Higher prices and oil market uncertainty spur record activity in the Permian Basin
Energize Weekly, April 20, 2022
In a response to high oil prices, rising demand and supply concerns in international oil markets, monthly drilling permits for new wells in the Permian Basin hit a record in March, according to industry consultant Rystad Energy.
Since March 7, weekly approved permits for horizontal wells in the basin, which straddles Texas and New Mexico, have run between 188 and 227 for a monthly total of more than 900 new permits.
“This is a clear signal that operators in the basin are kicking into high gear on their development plans, positioning for a significant ramp-up of activity level and an acceleration in the speed of output expansion over the next few months once supply chain bottlenecks ease,” Artem Abramov, Rystad Energy’s head of shale research, said in a statement.
“The surge in permitting activity positions the industry for continuous rig count additions in the second half of 2022 and foreshadows a significant increase in supply capacity from early 2023,” Abramov said.
Since the beginning January, the rig count in the Permian has increased 14 percent to 333 rigs on April 14, according to the Baker Hughes Rig Count.
Not all permits translate into new wells, Rystad Energy cautioned, but the trend in permit activity “points to a continuous uptick in drilling.”
“Weekly horizontal permit approvals have occasionally spiked above 200 in recent years, but the persistently elevated levels currently being seen from regulators in Texas and New Mexico are unprecedented,” the consultant said.
The Midland Basin, the largest section of the Permian, and the Delaware Basin, the second largest, were the targets of most of the permitting activity. The Delaware Basin logged 398 approved horizontal well permits.
The number of new well permits held by privately owned operators, nearly 500, is larger than the number of wells currently being drilled in the Permian in any given month by all operators.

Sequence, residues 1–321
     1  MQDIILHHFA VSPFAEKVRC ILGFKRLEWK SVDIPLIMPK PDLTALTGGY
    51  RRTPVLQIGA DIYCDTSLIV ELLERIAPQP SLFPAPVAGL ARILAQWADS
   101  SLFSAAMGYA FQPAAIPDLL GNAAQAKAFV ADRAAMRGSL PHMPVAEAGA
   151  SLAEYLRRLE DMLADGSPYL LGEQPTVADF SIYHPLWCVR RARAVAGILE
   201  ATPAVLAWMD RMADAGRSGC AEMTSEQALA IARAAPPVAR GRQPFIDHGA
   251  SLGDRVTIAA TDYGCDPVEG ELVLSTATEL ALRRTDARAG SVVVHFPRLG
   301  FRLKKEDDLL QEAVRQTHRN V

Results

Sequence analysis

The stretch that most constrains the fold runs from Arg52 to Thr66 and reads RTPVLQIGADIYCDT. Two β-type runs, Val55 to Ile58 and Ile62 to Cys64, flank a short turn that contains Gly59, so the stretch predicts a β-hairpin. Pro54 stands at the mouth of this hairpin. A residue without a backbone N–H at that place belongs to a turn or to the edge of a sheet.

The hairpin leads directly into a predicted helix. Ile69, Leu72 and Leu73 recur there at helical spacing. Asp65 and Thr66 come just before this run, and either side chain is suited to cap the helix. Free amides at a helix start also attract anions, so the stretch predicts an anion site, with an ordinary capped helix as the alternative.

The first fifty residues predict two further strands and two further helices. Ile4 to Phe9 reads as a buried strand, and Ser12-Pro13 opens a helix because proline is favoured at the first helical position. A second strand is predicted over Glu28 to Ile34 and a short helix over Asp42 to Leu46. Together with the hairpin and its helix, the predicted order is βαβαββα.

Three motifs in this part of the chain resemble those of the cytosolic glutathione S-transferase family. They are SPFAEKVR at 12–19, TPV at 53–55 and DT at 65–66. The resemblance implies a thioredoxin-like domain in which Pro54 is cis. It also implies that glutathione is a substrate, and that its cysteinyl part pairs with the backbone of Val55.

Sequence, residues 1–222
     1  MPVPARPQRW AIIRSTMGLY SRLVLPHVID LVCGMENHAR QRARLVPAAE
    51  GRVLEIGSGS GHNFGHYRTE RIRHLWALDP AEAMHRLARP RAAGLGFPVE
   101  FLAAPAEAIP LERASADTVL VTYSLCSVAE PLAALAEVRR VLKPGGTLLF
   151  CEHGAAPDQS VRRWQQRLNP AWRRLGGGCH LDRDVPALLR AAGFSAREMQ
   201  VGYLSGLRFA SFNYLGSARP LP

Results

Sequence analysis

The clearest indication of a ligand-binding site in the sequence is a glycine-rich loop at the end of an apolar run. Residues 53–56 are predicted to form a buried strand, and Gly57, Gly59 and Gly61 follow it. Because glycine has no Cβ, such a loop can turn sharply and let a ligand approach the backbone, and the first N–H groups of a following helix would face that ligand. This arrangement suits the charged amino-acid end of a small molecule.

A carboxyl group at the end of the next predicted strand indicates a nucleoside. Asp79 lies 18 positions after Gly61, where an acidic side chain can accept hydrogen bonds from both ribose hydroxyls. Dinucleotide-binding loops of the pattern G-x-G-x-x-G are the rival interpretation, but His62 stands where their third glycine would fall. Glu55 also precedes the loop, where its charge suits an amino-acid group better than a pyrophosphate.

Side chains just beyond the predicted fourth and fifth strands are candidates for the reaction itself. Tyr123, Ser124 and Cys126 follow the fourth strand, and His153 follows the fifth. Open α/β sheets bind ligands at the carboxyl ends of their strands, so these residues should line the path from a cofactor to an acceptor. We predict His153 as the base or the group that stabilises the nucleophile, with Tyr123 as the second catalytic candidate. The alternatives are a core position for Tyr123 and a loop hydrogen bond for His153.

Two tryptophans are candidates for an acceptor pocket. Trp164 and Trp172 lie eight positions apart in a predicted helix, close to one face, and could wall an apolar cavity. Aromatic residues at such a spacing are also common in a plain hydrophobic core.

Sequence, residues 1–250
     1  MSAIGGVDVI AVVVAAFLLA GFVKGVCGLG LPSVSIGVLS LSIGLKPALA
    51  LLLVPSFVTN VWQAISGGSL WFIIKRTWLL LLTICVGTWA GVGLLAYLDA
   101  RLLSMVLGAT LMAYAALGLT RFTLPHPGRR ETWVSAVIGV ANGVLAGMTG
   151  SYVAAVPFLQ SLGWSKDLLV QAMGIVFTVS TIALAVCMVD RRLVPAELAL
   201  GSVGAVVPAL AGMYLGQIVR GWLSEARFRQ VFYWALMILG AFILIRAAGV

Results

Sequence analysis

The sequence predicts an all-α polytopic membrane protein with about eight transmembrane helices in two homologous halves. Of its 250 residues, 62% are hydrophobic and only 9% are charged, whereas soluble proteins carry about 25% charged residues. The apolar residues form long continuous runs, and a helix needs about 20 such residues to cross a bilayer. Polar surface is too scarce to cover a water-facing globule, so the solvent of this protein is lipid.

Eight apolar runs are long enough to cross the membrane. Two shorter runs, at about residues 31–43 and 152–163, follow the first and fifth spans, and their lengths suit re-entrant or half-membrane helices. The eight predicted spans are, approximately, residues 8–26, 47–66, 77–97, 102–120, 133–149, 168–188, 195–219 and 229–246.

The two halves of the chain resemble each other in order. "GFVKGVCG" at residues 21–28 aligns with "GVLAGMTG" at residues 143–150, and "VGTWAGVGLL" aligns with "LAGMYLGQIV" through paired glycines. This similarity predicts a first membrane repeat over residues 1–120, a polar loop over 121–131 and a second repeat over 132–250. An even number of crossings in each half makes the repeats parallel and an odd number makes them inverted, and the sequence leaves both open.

Publicly held independent producers also saw a material increase, being awarded 410 horizontal locations for the month, compared to 230 to 320 in recent months.
Pioneer Natural Resources had 99 horizontal permits approved in March – a record high for the operator’s portfolio. Diamondback Energy was another public producer with unusually high activity in March, at 59.
Approximately 80 operators got at least one new horizontal drill permit approved in the Permian last month – a record-high number, and a significant increase from the typical level of around 60 active operators per month seen in the second half of last year, Rystad Energy said.
Other major oil regions– the Bakken, Eagle Ford and Niobrara combined – also delivered a healthy uptick, with 61 unique operators getting new permits in March.
The Eagle Ford in South Texas contributed the most to this activity expansion, and its rig count rose 35 percent since the beginning of the year to 51 operating oil rigs on April 14.
In a separate report, Rystad Energy noted that as a result of the Russian invasion of Ukraine and rising oil prices, there will be a projected 16 percent increase in oil and gas production investment globally in 2022 to $142 billion.